Sounds bleak? Maybe not. The summer, while producing some of the weakest movies in recent memory, has managed to power up some hits with female-heavy marquees. Devoid of huge budgets, these films waited patiently while Tom, Mel, Eddie, Jim and Harrison duked it out before making their marks. Examples:
"Bring It On" Costing just $10 million, this comedy about a cheerleading competition bested Wesley Snipes' "Art of War" and knocked off Jennifer Lopez's "The Cell" (see below) to claim the top spot with $17 million in late August. Boasting no marquee names (it stars Kirsten Dunst, Gabrielle Union and Eliza Dushku), the film showed surprising legs (no pun intended) and has gone on to gross $67 million to date.
"The Cell" Jennifer Lopez became the highest-paid Latina actress in 1996 with her $1 million leading role in "Selena." "The Cell" put her in Virgin Mary robes, black bodysuits and a Hannibal Lecter muzzle contraption (is that moving up? We're not sure.). Audiences, intrigued either by the movie's visuals or Lopez's derriere in those tight outfits (or both), bit the first weekend, giving the $33 million thriller a $17.5 million opening. "The Cell" eventually tapped out at $61 million or so -- not a blockbuster, but enough to give Lopez a foothold for her next flick's salary negotiations.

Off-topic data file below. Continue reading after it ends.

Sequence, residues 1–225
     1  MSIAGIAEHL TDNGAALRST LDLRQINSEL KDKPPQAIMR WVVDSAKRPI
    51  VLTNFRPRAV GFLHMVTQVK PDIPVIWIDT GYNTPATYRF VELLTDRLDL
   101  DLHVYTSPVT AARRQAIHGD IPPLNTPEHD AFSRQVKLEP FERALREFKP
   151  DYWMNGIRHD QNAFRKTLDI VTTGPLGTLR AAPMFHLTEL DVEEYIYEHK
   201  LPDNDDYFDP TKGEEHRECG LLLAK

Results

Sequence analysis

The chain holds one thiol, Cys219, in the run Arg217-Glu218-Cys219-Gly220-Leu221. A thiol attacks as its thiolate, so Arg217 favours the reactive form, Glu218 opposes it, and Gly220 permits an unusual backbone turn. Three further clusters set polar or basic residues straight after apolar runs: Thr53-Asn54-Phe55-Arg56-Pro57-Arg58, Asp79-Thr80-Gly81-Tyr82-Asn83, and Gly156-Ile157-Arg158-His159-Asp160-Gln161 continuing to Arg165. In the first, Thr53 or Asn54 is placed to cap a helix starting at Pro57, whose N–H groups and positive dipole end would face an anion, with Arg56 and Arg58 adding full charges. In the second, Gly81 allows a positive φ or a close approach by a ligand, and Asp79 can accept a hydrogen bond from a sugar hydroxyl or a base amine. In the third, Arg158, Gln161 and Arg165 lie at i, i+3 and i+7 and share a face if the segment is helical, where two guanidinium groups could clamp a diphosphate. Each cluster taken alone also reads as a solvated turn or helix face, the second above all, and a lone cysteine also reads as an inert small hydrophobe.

"Coyote Ugly" Girls dancing to Rob Base on top of a bar in tight jeans, splashing water on themselves and serving beer. Lather, rinse, repeat. Touchstone Pictures' marketing department knew what it was doing when it hyped the ogling quotient and fierce-grrrl message ("tonight they're calling the shots") in trailers rather than its cheesy "Flashdance"-inspired story about a wide-eyed girl (Piper Perabo) who works at the bar Coyote Ugly while she launches her songwriting career. It barely earned back its $45 million budget (it's grossed about $60 million), but that still ain't bad for a film with a baffling title and no names (just faces) above the marquee.
And here's a peek at female-driven films to look forward to: "102 Dalmatians" -- Opens Nov. 22. Sequel to the 1996 film, which made about $137 million. Glenn Close looks to score again as memorable madwoman Cruella De Vil.
"Miss Congeniality" -- Opens Dec. 22 in New York. FBI agent Sandra Bullock has to tweeze her eyebrows to go undercover at a beauty pageant. Bullock's last film, the alcoholic comedy-drama "28 Days," languished at about $38 million, but she should shine here in a quirky role, supported by "The Cider House Rules" Oscar winner Michael Caine.
"Sugar and Spice" -- Opens Jan. 26. Mena (Suvari), Marley (Shelton), Marla (Sokoloff) and Melissa (George) are a bunch of cheerleaders who go on a crime spree. Isn't that cute?
"The Wedding Planner" -- Opens Jan. 26. It's Jennifer Lopez again, this time going for a Sandra Bullock-esque role as the title character, falling for the groom (Matthew McConaughey) of the wedding she's coordinating.
And let's not forget 2001's other offerings: "Bridget Jones's Diary," aka The Movie Renee Zellweger Gained Weight For; the Drew Barrymore starrer "Riding in Cars With Boys," directed by Penny Marshall; and next summer's ultimate girl-power gig -- Angelina Jolie as buxom archaeologist Lara Croft in "Tomb Raider," based on the popular video game.
Get some action, indeed.